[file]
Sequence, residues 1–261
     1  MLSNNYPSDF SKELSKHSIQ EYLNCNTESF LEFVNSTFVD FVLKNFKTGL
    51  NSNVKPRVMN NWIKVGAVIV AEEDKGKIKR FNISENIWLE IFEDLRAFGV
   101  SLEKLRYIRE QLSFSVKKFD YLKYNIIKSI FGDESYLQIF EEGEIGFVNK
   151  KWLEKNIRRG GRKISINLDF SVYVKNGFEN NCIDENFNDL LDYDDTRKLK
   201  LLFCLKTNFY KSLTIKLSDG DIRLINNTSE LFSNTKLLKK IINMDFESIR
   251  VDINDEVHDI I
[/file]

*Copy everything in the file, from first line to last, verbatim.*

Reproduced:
Sequence, residues 1–261
     1  MLSNNYPSDF SKELSKHSIQ EYLNCNTESF LEFVNSTFVD FVLKNFKTGL
    51  NSNVKPRVMN NWIKVGAVIV AEEDKGKIKR FNISENIWLE IFEDLRAFGV
   101  SLEKLRYIRE QLSFSVKKFD YLKYNIIKSI FGDESYLQIF EEGEIGFVNK
   151  KWLEKNIRRG GRKISINLDF SVYVKNGFEN NCIDENFNDL LDYDDTRKLK
   201  LLFCLKTNFY KSLTIKLSDG DIRLINNTSE LFSNTKLLKK IINMDFESIR
   251  VDINDEVHDI I